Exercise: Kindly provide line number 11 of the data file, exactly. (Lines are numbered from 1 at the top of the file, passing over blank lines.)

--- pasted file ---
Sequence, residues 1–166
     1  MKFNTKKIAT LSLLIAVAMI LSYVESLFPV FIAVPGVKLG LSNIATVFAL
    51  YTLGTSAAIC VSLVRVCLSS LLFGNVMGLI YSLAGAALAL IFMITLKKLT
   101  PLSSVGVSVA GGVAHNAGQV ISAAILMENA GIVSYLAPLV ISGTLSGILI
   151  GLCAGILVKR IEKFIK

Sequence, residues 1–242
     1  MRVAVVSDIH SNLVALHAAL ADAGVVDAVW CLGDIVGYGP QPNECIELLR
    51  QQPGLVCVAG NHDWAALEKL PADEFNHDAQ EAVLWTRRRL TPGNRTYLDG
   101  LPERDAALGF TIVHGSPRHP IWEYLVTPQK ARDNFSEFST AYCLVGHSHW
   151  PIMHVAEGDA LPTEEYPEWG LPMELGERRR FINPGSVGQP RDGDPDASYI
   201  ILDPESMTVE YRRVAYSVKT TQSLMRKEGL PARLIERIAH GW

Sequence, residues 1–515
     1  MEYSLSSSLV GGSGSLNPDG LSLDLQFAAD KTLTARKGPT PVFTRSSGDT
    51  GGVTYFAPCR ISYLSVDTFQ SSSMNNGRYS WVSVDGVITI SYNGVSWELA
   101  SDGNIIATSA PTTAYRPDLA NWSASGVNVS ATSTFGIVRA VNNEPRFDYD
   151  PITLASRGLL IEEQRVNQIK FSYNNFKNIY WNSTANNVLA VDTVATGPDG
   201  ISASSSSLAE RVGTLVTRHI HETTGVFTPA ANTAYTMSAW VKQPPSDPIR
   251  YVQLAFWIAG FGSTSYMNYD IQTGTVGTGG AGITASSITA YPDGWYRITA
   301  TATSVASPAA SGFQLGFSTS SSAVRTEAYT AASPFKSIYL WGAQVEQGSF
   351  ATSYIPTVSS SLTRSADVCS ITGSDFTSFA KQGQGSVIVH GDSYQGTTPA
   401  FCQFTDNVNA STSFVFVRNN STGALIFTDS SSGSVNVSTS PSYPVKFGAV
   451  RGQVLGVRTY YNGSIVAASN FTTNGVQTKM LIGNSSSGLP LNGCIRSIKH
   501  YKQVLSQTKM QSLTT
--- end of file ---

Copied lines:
   201  ILDPESMTVE YRRVAYSVKT TQSLMRKEGL PARLIERIAH GW